• The NBN continues its rollout all across Australia.
  • The NBN service is typically faster and more reliable if you have the right plan.
  • We all use the internet differently, so the best plan for others may not be the best plan for you.

The NBN is an upgrade to Australia’s existing phone and Internet infrastructure. The NBN Co prides itself on being faster, more reliable, and accessible to 93% of Australian households. It is also more affordable, taking us all further into the 21st Century. However, trying to decide on the right NBN plan for you can be a little daunting, especially if you're not particularly familiar with how it all breaks down. Thankfully, it's not too confusing if you have a little help.


There are various speed tiers on the NBN network. Some providers offer all of the speed tiers to customers, and some only have a few. The speeds are expressed in terms of how fast your downloads will be during the peak period in the evening (7 pm-11 pm). Here are the speeds you can get and what they're usually called:

NBN 12: Basic I Speed Tier

  • up to 12Mbps download speed
  • up to 1Mbps upload speed

NBN 25: Basic II Speed Tier

  • up to 25Mbps download speed
  • up to 5Mbps upload speed

NBN 50: Standard Speed Tier

  • up to 50Mbps download speed
  • up to 20Mbps upload speed

NBN 100: Fast Speed Tier

  • up to 100Mbps download speed
  • up to 20Mbps or 40Mbps upload speed, depending on the plan

NBN 250: Superfast Speed Tier

  • up to 250Mbps download speed
  • up to 25Mbps upload speed

NBN 1000: Ultrafast Speed Tier

  • up to 1000Mbps download speed
  • up to 50Mbps upload speed

You will sometimes see the speeds depicted with numbers with a forward slash through them, such as "Standard Speed: 25/5Mbps". This refers to the download and upload speeds; for example, the "25" part refers to 25Mbps of download speed, and the "5" refers to 5Mbps of upload speed. Download and upload speeds can be vastly different simply because they are vastly different functions. Upload speed is what you need for sending files to/over the internet, such as sizable email attachments or a Dropbox folder. Download speed is what you need for taking files down from the internet, such as a downloadable PDF or TV show.

WHAT'S "Mbps"?

Mbps stands for "megabits per second", and it's how we measure download/upload speed. A megabit is equal to one million bits. Transmissions across computer networks are very commonly measured in Mbps, and it is how we also measure broadband speed. The higher the Mbps, the quicker your internet will work.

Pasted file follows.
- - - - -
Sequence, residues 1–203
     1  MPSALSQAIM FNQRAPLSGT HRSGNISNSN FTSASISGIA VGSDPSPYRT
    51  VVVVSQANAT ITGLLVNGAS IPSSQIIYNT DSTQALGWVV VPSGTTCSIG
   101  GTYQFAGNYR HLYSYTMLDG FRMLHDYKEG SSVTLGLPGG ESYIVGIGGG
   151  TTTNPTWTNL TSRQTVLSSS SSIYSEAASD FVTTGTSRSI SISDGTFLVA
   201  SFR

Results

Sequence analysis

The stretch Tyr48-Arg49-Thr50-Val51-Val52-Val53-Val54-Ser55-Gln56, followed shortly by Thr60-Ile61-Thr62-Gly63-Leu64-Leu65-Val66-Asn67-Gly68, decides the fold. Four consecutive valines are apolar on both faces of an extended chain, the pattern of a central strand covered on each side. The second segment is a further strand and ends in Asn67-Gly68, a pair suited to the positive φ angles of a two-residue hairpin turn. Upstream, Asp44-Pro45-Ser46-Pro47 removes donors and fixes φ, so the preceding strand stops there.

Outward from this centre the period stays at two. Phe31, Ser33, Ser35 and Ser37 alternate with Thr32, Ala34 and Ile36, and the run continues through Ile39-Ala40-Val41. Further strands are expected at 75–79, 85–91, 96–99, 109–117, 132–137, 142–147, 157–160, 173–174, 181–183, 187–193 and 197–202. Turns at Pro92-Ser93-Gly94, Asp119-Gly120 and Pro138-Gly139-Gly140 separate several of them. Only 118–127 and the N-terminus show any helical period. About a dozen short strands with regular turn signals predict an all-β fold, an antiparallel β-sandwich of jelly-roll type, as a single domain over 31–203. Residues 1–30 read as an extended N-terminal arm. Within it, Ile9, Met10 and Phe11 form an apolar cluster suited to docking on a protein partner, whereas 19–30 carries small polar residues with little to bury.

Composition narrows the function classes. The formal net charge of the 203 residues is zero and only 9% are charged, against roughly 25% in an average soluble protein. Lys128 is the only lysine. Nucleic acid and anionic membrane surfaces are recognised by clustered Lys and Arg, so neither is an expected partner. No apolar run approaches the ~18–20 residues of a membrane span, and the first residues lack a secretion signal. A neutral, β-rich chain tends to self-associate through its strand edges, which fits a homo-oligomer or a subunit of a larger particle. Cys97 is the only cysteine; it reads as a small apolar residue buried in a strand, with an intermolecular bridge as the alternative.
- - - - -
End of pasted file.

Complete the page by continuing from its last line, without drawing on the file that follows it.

It very much depends on what you use the internet for... 

  • NBN 12 (Basic I Speed Tier) will prove to be beneficial for infrequent internet users. Rest assured that 12Mbps will already be enough for you to watch Netflix in high definition using a single device. But your plan may struggle to keep up if you intend to browse the internet while binge-watching your favourite show.
  • NBN 25 (Basic II Speed Tier) is sufficient for single-person households. However, with a 25Mbps download speed, you may still encounter buffering when streaming 4K content.
  • NBN 50 (Standard Speed Tier) is the best NBN speed for most because 50 Mbps should be enough to watch one 4K stream and a couple of other HD streams using different devices at the same time.
  • NBN 100 (Fast Speed Tier) is the best NBN speed for large households because 100Mbps download speeds should be sufficient for each member of the household to get their work done. This is also a popular choice for most online gamers, streamers, and content creators.
  • NBN 250 (Superfast Speed Tier) is the best NBN speed if you are an ultra-heavy internet user. With a 250Mbps download speed, you will pretty much get to do anything you have to accomplish online, at a blazingly fast speed.
  • NBN 1000 (Ultrafast Speed Tier) is considered to be the fastest speed tier, but unfortunately, this is only available for areas with FTTP and select HFC connection technologies. Nevertheless, with speed this fast, it can be a waste of money for typical internet users, but it can prove to be beneficial for hardcore live streamers or gamers.

It's good to remember that it is easier to increase your speed than it is to decrease. 

And when you're choosing, your provider and plan should definitely be aware of NBN's bare minimum requirements; the Australian Government's Statement of Expectations dictates that the NBN network must deliver a minimum peak wholesale download speed of 25 megabits per second (also known by its street name "Mbps") to all premises and at least 50 Mbps to at least 90% of all fixed-line services.

But if you're too time-poor to navigate that kind of thing yourself, don't hesitate to punch in your basic details here and help us help you... no cost, no catch!

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